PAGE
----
Hotel waffles for breakfast, and then motorcycled over from Santa Rosa to Calistoga and parked next to a cafe along Highway 128.

Back onto the bicycle and started following the route in my ELEMNT. This is really 3 (or 4 if you’re stupid) climbs:

1. Old Toll Road – a typical tertiary Napa-esque road
2. Highway 29 – fast cars and no shoulders
3. A hiking trail that is the WRONG DAMN WAY
4. A long, long, long fire road that goes to the summit

#1 and #2 – nothing really notable here, just keep pedaling

#3 requires some explaining: Since I was doing “minimal planning” – I didn’t give a lot of scrutiny to what ridewithgps was mapping. Apparently I was supposed to keep going another couple hundred yards on Highway 29, to the start of the fire road climb.
Ridewithgps decided it would much prefer I go STRAIGHT UP Robert Louis Stevenson hiking trail.

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Do you see a trail here?  I don’t see a trail here.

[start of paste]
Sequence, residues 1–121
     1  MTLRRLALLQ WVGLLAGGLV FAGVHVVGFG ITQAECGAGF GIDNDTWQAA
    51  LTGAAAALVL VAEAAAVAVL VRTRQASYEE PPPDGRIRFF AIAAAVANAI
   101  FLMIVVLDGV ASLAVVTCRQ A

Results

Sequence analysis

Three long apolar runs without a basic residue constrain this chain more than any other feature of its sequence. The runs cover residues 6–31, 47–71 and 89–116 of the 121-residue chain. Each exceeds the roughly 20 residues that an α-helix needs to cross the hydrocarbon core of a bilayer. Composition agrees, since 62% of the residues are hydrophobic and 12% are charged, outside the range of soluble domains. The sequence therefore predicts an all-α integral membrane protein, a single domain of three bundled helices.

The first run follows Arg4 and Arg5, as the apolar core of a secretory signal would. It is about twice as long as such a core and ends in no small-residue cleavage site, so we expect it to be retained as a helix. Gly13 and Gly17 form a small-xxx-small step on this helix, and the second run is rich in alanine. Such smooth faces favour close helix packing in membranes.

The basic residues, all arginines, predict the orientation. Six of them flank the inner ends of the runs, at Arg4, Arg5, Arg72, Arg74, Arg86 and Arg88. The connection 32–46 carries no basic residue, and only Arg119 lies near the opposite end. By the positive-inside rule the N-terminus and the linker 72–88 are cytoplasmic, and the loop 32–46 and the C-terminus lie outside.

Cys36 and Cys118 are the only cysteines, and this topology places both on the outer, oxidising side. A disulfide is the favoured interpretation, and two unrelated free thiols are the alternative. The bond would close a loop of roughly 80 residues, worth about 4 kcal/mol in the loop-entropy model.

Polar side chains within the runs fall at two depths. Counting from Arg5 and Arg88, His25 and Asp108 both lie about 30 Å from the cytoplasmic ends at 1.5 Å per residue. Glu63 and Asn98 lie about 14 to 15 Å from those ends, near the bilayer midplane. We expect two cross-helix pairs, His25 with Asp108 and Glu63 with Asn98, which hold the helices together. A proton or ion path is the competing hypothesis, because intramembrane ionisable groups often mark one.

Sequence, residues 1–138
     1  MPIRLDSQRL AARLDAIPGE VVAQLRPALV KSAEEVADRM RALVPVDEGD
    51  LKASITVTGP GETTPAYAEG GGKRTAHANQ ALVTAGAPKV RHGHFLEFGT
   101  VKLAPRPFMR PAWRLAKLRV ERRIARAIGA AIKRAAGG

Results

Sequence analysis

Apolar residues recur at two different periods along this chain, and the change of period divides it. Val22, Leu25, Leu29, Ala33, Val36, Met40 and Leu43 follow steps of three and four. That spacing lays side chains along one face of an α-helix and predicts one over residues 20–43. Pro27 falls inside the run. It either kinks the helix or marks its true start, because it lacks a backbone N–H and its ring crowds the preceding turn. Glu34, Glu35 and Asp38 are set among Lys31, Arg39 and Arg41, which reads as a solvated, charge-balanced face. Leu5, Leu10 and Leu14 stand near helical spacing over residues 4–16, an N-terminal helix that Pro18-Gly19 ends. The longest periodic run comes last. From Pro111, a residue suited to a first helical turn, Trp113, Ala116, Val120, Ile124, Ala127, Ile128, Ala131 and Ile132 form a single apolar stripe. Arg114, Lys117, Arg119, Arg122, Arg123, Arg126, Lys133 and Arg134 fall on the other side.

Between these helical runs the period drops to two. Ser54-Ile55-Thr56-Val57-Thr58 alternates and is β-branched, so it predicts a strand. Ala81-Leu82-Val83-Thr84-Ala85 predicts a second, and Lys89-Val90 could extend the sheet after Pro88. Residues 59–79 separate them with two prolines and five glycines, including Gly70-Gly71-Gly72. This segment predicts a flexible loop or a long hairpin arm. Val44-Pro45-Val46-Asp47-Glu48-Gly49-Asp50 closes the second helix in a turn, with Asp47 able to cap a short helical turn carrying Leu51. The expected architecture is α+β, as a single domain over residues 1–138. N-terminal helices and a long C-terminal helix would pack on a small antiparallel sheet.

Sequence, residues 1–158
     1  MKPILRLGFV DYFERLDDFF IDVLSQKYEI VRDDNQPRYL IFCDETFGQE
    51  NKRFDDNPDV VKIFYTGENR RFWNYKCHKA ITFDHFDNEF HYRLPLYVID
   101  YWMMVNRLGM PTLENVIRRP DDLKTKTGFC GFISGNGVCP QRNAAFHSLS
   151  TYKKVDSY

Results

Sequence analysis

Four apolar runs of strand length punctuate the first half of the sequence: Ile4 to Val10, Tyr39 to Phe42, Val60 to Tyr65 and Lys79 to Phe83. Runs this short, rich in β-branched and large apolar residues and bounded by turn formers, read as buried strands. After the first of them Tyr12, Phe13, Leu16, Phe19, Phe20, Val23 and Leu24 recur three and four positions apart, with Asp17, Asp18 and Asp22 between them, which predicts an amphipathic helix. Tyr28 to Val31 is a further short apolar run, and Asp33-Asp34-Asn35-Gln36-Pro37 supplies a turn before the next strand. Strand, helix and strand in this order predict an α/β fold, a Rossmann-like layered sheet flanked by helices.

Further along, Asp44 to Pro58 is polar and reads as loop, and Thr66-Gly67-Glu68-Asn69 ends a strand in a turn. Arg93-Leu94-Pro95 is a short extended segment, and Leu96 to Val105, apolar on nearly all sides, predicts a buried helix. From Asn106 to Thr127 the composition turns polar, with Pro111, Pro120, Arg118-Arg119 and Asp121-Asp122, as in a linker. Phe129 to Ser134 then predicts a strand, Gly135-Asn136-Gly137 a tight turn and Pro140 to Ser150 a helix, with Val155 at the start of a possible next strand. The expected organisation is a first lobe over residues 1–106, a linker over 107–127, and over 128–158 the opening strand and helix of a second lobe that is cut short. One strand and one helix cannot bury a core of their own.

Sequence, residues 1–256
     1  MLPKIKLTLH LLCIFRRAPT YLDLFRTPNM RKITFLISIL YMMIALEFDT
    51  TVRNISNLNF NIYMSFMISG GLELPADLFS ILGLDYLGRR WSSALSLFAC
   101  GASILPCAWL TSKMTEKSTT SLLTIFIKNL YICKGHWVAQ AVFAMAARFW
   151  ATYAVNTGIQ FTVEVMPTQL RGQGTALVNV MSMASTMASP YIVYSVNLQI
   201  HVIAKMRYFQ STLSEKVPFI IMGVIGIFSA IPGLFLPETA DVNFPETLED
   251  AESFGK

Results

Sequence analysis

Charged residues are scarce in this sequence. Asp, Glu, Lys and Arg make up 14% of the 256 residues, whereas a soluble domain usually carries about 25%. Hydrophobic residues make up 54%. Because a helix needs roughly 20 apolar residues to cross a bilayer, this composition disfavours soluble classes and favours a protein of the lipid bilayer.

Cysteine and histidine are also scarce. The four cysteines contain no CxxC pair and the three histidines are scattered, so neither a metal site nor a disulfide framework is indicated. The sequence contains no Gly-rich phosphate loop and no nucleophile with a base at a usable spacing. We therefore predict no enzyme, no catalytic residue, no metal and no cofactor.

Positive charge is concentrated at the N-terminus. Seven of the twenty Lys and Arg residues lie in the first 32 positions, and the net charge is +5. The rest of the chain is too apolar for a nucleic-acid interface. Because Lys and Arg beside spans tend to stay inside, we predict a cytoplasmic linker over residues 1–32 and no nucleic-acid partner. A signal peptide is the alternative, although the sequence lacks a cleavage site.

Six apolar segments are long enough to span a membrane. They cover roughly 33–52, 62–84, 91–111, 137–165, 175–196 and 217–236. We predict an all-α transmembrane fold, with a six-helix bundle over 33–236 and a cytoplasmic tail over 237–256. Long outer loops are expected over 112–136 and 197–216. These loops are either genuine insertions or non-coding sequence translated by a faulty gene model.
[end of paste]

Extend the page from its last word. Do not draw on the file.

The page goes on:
Since these two routes are so close, the Strava segment indicator said I was still on the right path. So I assumed (wrong!) that eventually the trail would become rideable.

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This was relatively mild

WRONG WRONG WRONG

I don’t even have pictures of the craziest parts, where someone had cut ledges into the rock so you could climb up, in my case, carrying my bicycle wearing carbon soled mountain bike shoes like an idiot.

I nearly turned around to retrench, but a hiker who had done the route before assured me I didn’t have much more to go, so I scrambled my way up to the intersection with the fire road.

ADVENTURE!

I took a break at the top of the ridiculous hiking trail, admiring my stupidity and having a snack, an then settled into the long grind to the top. This is basically loose gravel of various sorts on top of hard pack. It did make me wish I had slightly larger tires on, and I’d also consider this ‘advanced’ riding on a relatively skinny tired bike.